2. For 2 cups of wheat flour, 2  well ripen mashed bananas and 1 1/2 cups of powdered palm sugar (instead of 1 cup of jaggery)
  3. Substitute the jaggery in the recipe with powdered palm sugar and follow the same instruction for deep fried or paniyaaram version of Appam
  4. Deep fry or use Paniyaara chatti a preferred.

Note:

  1. Quantity of jaggery/palm sugar can be altered as per preferences.
  2. Grated coconut (1/4 cup)  can be added for additional flavor.
  3. Usage of rice flour aids in crisper appams.
  4. Keep a watch with water. Less water can be rectified by adding more water. More water needs more flour and more mashed bananas, which might create chaos.
  5. Always use well ripen very soft bananas for soft flavorful appam.

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Adai Pradhaman/ Ada Pradhaman

I have always felt jaggery based sweets are more traditional… might be because special occasions are marked by those made of jaggery. Pongal is celebrated with sarkkarai pongal which is sweetened by jaggery. Diwali though not a traditional tamil festival, is marked by adhirasam which is again made of jaggery. Or more so because, in today’s world everyone prefers making the comparatively easier sugar based sweets to the time-consuming  jaggery based sweets.

Adai pradhaman is one such sweet. Though it is more popular as a kerala payasam or kheer, the people of tirunelveli district of tamilnadu, having proximity geographically to kerala also prepare this payasam. When we were young, adai – flakes of cooked rice – the base of this payasam was not available in shops in chennai. My grandmother used to send from tirunelveli where it was made in bulk. In kerala, it is made fresh for the payasam.  Nowadays it is very easily available in packets in most of the indian shops even if we live abroad.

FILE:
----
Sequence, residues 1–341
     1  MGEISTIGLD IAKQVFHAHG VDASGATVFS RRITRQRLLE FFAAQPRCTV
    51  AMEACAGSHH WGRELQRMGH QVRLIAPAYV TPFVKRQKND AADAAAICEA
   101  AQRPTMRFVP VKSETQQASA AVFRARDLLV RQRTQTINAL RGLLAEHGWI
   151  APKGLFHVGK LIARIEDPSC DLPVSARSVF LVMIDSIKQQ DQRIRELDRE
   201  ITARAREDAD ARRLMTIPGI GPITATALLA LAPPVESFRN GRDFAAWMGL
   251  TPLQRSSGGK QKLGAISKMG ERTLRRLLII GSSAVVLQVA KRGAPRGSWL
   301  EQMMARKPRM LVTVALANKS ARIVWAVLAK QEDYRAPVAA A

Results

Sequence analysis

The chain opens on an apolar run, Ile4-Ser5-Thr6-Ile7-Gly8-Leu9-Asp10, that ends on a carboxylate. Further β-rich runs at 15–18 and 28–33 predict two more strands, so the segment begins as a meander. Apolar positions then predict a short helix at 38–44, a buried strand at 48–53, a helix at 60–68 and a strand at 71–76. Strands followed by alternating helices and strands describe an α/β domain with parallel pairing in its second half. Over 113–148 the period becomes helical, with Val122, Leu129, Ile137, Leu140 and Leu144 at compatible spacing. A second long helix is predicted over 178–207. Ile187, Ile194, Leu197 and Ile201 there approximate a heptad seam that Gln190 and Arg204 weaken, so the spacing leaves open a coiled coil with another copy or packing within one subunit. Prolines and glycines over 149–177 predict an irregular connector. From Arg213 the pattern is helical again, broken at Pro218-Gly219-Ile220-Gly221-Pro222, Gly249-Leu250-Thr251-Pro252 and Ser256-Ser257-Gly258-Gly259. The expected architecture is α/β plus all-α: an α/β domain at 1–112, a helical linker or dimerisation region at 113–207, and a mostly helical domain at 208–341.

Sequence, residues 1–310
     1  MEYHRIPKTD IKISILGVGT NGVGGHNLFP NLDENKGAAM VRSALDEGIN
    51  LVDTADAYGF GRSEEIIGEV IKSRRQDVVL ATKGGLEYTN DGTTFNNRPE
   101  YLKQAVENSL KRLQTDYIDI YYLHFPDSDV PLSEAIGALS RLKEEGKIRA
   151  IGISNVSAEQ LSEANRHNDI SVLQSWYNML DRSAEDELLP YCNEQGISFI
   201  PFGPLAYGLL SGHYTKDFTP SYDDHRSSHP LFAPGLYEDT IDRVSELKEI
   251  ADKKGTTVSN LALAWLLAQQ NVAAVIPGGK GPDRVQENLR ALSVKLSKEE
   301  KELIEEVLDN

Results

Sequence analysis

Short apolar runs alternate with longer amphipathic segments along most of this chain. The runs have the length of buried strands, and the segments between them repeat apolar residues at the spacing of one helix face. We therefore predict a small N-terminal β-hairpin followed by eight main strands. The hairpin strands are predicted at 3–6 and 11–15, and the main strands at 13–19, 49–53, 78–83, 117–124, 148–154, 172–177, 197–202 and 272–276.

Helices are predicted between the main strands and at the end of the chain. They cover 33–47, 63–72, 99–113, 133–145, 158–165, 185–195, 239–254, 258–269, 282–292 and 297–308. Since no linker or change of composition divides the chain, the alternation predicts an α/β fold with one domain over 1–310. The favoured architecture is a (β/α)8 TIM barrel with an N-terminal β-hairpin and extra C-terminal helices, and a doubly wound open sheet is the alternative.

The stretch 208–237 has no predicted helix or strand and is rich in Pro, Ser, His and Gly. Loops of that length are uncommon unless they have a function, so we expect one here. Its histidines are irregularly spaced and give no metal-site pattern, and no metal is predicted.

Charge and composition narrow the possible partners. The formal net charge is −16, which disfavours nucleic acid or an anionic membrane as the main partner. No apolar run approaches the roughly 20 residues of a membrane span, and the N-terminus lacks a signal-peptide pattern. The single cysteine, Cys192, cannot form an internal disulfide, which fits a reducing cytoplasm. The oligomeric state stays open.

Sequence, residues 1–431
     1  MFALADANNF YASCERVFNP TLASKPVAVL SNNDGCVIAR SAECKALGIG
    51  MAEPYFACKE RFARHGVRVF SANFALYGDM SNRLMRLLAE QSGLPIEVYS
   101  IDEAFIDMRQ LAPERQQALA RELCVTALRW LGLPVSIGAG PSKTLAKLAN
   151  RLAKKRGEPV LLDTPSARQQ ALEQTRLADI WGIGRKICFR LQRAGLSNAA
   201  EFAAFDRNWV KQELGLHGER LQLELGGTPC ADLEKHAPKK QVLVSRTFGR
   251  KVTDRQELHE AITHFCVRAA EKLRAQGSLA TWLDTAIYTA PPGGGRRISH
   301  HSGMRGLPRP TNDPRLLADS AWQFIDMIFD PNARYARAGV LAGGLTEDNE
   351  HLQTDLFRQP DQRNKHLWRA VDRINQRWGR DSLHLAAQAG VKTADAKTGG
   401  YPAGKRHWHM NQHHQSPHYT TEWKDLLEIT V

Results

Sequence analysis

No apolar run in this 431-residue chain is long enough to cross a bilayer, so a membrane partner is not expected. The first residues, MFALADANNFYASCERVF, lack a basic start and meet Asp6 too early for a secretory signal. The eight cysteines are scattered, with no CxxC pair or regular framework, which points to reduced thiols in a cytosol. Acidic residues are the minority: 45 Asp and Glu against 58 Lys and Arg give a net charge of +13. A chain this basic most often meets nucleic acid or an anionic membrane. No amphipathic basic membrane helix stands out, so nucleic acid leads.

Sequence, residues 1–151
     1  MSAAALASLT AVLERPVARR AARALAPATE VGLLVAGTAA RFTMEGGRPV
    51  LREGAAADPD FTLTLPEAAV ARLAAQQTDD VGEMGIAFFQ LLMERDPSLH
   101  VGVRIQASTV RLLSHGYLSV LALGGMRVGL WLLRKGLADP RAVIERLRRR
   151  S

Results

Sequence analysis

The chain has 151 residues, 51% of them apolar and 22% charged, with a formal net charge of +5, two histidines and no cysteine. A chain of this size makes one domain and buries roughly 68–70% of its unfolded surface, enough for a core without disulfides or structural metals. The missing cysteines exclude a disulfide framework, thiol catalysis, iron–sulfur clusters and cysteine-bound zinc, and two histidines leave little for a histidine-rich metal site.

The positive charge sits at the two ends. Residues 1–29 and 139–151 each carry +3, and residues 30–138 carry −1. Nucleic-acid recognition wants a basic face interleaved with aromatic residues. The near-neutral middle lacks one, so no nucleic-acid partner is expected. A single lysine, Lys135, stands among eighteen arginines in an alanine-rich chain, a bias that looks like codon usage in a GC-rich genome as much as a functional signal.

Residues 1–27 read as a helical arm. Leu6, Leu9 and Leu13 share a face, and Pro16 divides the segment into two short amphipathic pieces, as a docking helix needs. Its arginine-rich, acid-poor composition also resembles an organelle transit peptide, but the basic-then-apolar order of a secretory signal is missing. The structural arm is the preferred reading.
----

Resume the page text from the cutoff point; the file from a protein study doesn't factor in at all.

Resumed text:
Till today, I believe adai pradhaman is the most heavenly and divinely of all payasams! The smell of adai or flakes of cooked rice, cooked in jaggery, and coconut milk added slowly would travel around the house… not to leave the cashewnuts fried in ghee poured on top of it.  Another payasam to come close to this would be paasi paruppu payasam/ dehusked green gram (moong dhal) payasam (recipe shortly).

Unlike Kerala where adai pradhaman is a festival sweet, in tamilnadu or more specifically tirunelveli, it is prepared for guests and special occasions. Sometimes it used to be a sunday special and I used to be so delighted to have tirunelveli special in chennai! Now to the recipe..

This recipe needs thin – 3rd milk, medium thick – 2nd milk and creamy thick – 1st milk of coconut to be added gradually in the rice flakes cooked in jaggery. Here, I have minimised work by using canned coconut milk.

 

Adai Pradhaman

Ingredients

  • adai/flakes of cooked rice – 200 gms
  • vellam/jaggery – 400 gms
  • coconut milk – 1 can – 200 gms
  • ghee – 2 tbsp
  • cashewnuts – 12 no. halved
  • cardamom powder – 1/2 tsp
  • dry ginger powder – 1/2 tsp

the humble Nut

 

palm jaggery might give a darker colour to the payasam

 

cooking adai

 

jaggery might have impurities

 

 

 Method of Preparation

  1. Boil water in a big utensil
  2. Always add adai to boiling water as these  flakes might stick to the bottom of the utensil if water is cold
  3. Adai should be completely immersed in water and there should be enough water to cook the adai 
  4. When it is cooked soft, drain and wash in cold water 
  5. In a separate pan, take jaggery and 1 cup of water
  6. When jaggery is melted, filter it
  7. Cook adai in filtered jaggery in a hard bottomed wide cooking pan
  8. After about seven minutes add half the canned coconut milk
  9. Simmer for five minutes. If the payasam tends to thicken, little water can be added to adjust the consistency. This thickening might be due to the thick canned milk. Mostly this doesn’t happen when thin and medium thick 3rd or 2nd milk is gradually added
  10. Add cardamom powder and dry ginger powder and mix well
  11. Now add the remaining coconut milk and let it cook for another five minutes